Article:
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  1. #1
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    Medieval 'Dark Knight' drawing test

    Hi, I haven't posted here in a long time.

    I've been drawing steadily though, doing a figure study or two every evening.

    This is a drawing test I did recently for a concept art position with the brief of a greyscale/black & white illustration or sketch depicting a medieval 'Dark Knight' on horseback in battle with 3 or more foes of my choosing and evidence of a background or landscape.

    Some early studies had a more cropped viewpoint but I then pulled the view out to be more like the possible game play. In hindsight I'm not sure if that was right but it's all good experience (or lack of?).

    Working drawing attached too. Let me know what you think.

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  3. #2
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    Wow thats so awesome. Nice technique and effect.

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  4. #3
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    The pencil rough has a lot going for it, but I'm not so fond of the value design in the final.


    Tristan Elwell
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  5. #4
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    I like how the horse was rendered. I enjoy the style....maybe try a halftone pattern in place of some of the solid grays?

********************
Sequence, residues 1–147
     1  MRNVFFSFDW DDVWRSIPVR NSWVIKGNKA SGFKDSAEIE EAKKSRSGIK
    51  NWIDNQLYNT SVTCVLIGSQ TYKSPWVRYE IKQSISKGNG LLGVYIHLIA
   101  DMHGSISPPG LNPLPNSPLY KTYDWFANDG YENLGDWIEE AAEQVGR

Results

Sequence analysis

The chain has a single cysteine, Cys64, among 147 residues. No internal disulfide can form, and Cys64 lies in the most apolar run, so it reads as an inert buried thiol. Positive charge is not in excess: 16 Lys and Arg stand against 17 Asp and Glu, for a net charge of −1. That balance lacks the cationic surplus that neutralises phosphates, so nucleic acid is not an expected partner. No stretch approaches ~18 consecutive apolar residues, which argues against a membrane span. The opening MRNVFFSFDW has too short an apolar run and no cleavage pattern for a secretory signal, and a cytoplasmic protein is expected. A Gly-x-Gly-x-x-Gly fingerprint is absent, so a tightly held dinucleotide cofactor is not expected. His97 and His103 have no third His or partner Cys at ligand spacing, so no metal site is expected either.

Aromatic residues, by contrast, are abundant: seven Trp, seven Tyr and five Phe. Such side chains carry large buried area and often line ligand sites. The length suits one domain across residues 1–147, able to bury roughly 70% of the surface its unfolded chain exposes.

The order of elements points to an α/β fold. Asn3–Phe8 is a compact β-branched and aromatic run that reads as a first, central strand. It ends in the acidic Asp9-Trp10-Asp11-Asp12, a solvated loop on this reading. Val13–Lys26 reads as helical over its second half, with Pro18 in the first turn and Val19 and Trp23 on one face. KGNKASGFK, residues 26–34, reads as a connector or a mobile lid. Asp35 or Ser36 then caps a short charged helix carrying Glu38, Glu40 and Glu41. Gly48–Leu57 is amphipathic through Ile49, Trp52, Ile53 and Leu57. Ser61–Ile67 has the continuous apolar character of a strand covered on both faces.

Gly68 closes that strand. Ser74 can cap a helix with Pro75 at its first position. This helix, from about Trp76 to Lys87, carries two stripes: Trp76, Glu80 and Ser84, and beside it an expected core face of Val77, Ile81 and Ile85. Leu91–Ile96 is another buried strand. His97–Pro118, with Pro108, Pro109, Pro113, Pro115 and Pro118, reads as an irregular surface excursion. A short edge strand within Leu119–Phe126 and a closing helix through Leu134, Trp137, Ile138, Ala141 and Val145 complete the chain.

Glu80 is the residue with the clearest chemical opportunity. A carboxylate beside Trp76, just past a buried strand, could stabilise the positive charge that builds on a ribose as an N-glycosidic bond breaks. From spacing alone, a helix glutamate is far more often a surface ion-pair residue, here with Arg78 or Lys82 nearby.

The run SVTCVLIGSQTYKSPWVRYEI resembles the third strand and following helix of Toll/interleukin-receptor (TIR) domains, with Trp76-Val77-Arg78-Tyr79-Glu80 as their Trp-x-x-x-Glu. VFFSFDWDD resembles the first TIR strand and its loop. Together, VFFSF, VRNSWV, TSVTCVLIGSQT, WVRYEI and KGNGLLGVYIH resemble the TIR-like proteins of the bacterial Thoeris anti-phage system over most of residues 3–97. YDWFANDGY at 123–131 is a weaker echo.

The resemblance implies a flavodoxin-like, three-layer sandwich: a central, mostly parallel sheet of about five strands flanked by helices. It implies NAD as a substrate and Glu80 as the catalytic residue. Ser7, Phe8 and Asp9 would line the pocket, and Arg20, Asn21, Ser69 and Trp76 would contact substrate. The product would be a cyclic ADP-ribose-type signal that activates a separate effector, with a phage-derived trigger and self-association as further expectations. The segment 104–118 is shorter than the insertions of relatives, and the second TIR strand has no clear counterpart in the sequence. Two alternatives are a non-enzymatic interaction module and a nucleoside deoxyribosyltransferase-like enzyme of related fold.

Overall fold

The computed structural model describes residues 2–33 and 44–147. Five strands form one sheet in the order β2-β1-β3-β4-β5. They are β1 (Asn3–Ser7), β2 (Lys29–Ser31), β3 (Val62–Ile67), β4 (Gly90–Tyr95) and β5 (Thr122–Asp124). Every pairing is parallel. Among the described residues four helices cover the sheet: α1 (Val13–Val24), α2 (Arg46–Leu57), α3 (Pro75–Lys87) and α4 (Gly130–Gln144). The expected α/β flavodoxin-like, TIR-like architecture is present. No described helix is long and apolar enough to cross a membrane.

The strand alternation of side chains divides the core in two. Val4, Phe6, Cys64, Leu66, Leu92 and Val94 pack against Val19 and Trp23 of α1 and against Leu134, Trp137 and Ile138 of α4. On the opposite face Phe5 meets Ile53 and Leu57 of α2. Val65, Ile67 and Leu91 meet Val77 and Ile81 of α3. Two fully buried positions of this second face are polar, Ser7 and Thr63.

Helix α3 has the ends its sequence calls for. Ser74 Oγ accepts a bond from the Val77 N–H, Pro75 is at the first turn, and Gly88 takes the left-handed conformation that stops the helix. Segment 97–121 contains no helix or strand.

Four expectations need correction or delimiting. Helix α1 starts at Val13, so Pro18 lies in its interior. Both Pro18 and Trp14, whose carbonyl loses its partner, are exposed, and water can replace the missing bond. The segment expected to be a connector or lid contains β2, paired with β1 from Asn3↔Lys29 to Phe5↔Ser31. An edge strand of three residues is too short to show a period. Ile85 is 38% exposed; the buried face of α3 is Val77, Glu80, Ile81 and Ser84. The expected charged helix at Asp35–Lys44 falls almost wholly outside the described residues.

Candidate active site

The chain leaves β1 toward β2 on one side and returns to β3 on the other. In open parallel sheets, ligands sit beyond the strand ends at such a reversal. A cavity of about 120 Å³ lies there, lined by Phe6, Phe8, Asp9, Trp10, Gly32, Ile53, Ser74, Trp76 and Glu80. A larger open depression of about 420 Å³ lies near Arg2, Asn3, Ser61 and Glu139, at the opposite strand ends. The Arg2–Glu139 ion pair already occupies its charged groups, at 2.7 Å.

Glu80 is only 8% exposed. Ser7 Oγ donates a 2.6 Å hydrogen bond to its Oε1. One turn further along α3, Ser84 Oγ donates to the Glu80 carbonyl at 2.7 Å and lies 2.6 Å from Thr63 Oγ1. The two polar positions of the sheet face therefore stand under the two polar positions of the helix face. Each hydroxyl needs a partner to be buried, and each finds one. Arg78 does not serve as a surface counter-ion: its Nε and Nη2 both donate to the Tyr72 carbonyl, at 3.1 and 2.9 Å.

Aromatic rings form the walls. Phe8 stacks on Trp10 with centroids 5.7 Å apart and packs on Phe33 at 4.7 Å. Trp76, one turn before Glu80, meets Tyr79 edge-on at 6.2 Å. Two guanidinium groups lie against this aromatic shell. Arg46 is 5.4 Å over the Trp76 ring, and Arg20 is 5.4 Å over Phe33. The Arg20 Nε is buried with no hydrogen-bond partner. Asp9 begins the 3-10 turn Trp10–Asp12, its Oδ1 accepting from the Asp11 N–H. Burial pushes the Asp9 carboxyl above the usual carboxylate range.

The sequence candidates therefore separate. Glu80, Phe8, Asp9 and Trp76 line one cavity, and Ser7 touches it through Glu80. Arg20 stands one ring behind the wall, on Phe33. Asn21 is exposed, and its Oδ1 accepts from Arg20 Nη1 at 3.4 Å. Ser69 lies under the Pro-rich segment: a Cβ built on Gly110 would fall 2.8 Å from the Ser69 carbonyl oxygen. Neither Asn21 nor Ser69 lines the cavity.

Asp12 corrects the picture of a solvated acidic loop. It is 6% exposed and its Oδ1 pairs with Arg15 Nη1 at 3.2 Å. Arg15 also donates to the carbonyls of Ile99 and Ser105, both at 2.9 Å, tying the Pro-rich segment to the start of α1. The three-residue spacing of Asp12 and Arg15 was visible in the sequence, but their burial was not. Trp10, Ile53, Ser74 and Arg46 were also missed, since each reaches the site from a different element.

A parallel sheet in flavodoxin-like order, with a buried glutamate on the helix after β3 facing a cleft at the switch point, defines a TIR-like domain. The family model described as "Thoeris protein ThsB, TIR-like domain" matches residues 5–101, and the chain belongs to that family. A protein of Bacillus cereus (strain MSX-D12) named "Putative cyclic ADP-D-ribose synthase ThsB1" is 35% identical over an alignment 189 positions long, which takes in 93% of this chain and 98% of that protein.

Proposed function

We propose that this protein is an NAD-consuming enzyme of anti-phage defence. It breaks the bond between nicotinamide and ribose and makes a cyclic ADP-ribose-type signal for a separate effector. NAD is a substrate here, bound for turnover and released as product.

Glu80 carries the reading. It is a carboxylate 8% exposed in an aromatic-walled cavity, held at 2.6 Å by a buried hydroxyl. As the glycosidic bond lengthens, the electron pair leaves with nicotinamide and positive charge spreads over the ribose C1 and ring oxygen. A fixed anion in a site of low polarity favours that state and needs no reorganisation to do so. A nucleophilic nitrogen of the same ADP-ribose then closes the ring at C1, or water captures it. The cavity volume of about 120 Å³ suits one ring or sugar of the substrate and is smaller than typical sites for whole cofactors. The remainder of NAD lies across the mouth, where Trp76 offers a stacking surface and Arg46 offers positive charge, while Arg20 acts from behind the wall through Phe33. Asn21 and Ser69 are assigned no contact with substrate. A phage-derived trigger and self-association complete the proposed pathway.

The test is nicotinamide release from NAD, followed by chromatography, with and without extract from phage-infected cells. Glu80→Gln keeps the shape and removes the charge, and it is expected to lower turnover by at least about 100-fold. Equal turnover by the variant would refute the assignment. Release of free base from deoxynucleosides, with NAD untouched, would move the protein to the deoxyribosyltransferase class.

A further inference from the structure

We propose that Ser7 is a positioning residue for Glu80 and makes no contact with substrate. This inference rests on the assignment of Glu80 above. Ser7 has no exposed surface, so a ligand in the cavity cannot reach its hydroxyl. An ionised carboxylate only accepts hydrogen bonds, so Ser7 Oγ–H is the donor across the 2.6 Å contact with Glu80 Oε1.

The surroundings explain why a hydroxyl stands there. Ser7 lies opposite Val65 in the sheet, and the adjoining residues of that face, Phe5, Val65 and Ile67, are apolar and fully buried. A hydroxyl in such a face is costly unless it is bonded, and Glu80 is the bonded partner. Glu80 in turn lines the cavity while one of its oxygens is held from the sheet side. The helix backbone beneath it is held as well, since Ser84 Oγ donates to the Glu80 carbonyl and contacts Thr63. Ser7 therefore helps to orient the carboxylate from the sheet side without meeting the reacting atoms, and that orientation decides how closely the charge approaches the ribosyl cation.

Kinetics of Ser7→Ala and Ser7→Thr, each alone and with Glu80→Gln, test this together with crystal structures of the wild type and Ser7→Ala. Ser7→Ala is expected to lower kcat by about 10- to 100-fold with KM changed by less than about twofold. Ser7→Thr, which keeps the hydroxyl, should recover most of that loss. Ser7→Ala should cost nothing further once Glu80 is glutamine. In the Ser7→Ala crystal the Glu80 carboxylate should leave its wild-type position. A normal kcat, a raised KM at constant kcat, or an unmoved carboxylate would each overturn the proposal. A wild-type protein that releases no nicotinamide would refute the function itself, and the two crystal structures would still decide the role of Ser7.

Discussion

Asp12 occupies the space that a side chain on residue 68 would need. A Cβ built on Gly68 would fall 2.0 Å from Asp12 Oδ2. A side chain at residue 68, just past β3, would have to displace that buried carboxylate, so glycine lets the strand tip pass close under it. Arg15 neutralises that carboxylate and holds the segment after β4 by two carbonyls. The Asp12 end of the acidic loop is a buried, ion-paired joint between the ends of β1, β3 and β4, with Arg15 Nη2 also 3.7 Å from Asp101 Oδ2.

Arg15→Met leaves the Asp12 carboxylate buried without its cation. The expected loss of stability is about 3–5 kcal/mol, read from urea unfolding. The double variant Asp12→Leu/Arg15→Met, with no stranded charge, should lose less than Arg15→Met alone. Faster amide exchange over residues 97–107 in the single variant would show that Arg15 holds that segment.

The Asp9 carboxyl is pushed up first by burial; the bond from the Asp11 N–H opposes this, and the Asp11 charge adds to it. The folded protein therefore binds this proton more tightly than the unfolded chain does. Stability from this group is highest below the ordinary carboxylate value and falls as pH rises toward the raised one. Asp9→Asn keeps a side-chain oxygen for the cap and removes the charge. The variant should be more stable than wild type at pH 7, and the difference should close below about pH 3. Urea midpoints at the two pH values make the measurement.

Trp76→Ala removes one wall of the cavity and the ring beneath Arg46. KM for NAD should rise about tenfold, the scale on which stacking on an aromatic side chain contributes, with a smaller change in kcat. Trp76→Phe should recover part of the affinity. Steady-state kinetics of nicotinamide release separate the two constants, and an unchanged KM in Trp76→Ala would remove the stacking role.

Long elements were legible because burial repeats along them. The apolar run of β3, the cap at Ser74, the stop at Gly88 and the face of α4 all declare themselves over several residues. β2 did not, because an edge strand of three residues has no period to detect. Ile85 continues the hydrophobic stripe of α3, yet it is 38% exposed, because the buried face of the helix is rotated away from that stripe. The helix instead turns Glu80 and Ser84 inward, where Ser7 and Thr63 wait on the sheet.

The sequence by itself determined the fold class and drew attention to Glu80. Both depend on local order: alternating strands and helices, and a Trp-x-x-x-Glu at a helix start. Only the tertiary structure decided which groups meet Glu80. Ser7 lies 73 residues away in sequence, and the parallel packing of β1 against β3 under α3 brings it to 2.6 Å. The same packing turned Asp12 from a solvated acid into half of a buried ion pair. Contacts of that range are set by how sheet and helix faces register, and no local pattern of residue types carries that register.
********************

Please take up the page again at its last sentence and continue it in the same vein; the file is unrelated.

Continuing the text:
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    Quote Originally Posted by Elwell View Post
    The pencil rough has a lot going for it, but I'm not so fond of the value design in the final.
    Value design are greyscale studies yes? I think I read a blog (Teetering Bulb I think) where they had done some 'value studies' after seeing a Syd Mead DVD.

    Yes, I think it is a bit thin, that's why I posted the pencil as it has an energy of its own. But I've not done much rendering and it is an area I'm only just getting into. I enjoyed inking it, and found some new freedom in that, but painting is a whole new area for me.

    Do you recommend any good introductions to establishing value? The Syd Mead DVD? And is this value design the basis or the 'undercoat' to the colour rendering? Or is it a separate piece to the colour render?

    Thanks for the kind words Just Conner
    Hookswords - I use a halftone pattern in some of my illustrations but felt them out of place here. I was hoping these graphic tones would have more depth but ran out of time. The drawing took a bit over an hour, but the render 3 hours - too long, finding my way - but as I mentioned above it is new to me and something I just need to practice and get my 'chops' down.

    Thanks for the replies.
    rrz

    Last edited by Rorzza; December 3rd, 2008 at 01:41 AM. Reason: reply to Just Conner and Hookswords
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  7. #6
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    Quote Originally Posted by Elwell View Post
    The pencil rough has a lot going for it, but I'm not so fond of the value design in the final.
    Actually it's not over is it. I could use this to further develop the value study hey? I could at least do it for myself if not my book?

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  8. #7
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    Quote Originally Posted by Rorz View Post